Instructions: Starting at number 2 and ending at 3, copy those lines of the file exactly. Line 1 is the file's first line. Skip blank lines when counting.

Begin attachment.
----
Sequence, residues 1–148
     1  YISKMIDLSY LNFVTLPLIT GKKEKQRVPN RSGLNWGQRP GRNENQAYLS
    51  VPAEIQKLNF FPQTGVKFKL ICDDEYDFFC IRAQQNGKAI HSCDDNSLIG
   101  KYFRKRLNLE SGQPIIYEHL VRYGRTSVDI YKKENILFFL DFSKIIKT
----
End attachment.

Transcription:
     1  YISKMIDLSY LNFVTLPLIT GKKEKQRVPN RSGLNWGQRP GRNENQAYLS
    51  VPAEIQKLNF FPQTGVKFKL ICDDEYDFFC IRAQQNGKAI HSCDDNSLIG